a) Measuring lids from Dayquil and other such bottles-great for science!
b) Paper towel and gift wrap rolls.
c) Cardboard
d) 2-liter Soda bottles (I don't drink soda, but I really, really use the bottles!)
and much more!

6) Ask: Stores often throw away so much stuff that I can use. For example, I was in my local teacher supply store and they were emptying out tall thin boxes with bulletin board paper. I took five home and they are saving more! From Walmart's photography section, I scored 2 plastic bags full of empty film containers. If you see it, ask. The worst they can say is "no." The best that can happen is that you can walk out the door with something free. My personal favorite score was a display for sticky notes. It had suitcases with the names of different countries on it. since I did world history last year, it was the perfect display to sit on top of one of my high bookcases.

Sunday, June 14, 2015

Worship on a Prayer! The day I forgot my egg...

I forgot to boil an egg and bring it to school. This would have been no problem if the egg was for my lunch, but this egg was for a worship talk-not just any worship talk. Today, I would be speaking to the entire school. When I realized it, my classroom was about to fill with children. I needed this scene for a little bit longer:

The truth is, every one of my students was there and one of them had just said, "Here they come..." referring to the rest of the school. Have you ever  volunteered to do something (if fact, it was my idea) and then wonder, "What was I thinking?"

I ran to my closet, praying, "Lord, help me find a good worship talk right away!" I often had different 'just in case' items in my closet, but it was the end of the year and I wasn't sure there was anything left.

I opened the door and looked down. There, in front of the first shelf, was an item that, through God's spirit, became my worship talk for the day. What was it? This:

Just common, ordinary duplo blocks that had never looked like a worship talk to me before! Of course, not just those blocks.  I also had a dollar store box with a "lego-like" set of blocks with blocks that were much smaller than Duplos and they were sitting on the shelf just above the Duplos. The two were suddenly a perfect match.

Somehow (actually, I know how-God answers prayers) the idea just fell together. As the younger students settled in their desks, I ran to my desk to grab the only other thing I needed-my Bible.

I dumped the blocks on a plastic tray and added a few Duplo blocks that I picked up at Goodwill. Then I stood in front of the kids, placing my tray on a tall stool.

It went something like this:

Have your ever played with blocks that came in a kit? I tore open the box. Sometimes, you need to have the instructions to figure everything out. Let's see-I need this little piece here and it goes on to this piece. Now it says I add this piece. 

(I continued on for five of six pieces, talking about them as I went. Then I picked up a Duplo block.)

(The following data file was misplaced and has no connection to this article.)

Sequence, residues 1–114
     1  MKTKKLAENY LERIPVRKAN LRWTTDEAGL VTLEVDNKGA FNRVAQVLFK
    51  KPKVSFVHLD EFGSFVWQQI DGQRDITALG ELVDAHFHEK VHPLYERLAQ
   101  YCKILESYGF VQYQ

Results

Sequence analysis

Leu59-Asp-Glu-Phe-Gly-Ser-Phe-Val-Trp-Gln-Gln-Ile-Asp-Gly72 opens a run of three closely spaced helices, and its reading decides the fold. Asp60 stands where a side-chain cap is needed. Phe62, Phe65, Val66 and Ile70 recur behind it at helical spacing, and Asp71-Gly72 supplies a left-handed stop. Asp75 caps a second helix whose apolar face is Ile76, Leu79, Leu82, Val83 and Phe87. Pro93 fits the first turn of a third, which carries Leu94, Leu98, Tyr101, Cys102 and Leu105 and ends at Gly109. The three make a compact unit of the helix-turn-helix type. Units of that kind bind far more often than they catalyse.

Now, what about this piece. I wonder where it goes. Hmmm... 

(The younger students said, "It doesn't go with the others."

What? It doesn't go with the others?  Let me look at the directions. 

Hmmm, you are right! I don't see the bigger blocks in the directions. I guess it doesn't belong there.

You know, I have another set of directions here. 

(I held up my Bible.)

These directions tell me how to act like Jesus. I like to read them so I know how my life should fit together with someone who wants to be with Jesus in Heaven. It tells me to tell the truth, to be kind and loving. Just like these instructions tell me how to build this little car, my Bible tells me everything I need to do to make Jesus smile. If I am ever not sure about something fitting into my life as a Christian, just like I found out the big block didn't fit with this car, the Bible will let me know if something doesn't fit in with the life I am trying to build.

An example would be-does the Bible tell me anything about how I should act towards my mom and dad?  (They responded) 

Absolutely-it tells me, in the 10 Commandments, that I should honor them. If I am thinking about being rude to my mom, will my instruction book help me?

Today, I am going to ask you to use your instruction book-your Bible-to help you know how you should live your life. If you are not sure about something, also check it out with God's big instruction book.

Then we prayed. 

Teachers, you never know when God can use something as simple as a box of blocks to bring home a message your students need to hear. Have you ever created a successful worship on the spur of the moment? I would love to hear about it!

Tuesday, June 9, 2015

Small School Libraries

If your school library is like my school library, it comes without the benefit of a librarian...or a library...or anything but the books and you. I have a multitude of bookcases in my classroom and they often end up looking even worse than the one in the picture.  On top of that, the books are not all appropriately marked with the necessary grade level/reading level markings. This year, I aim to end that problem and, thanks to a wonderful app, I can do just that.

Literacy Leveler works with your iPod, iPad, and iPhone. It supports the  Guided Reading leveling , DRA and Lexile systems. While not every book is covered in the database, it is very easy to use. The cost is just $3.99.

First, you scan the ISBN and it gives you the levels.  You can search for the book using the title, author or level and add it to your library. The great news is that Literacy Leveler is also available on the android devices-if fact, it is a dollar cheaper on android-$2.99.

I can't wait to get started so that my library can start the year looking like this-with a great deal of the books marked for easy return: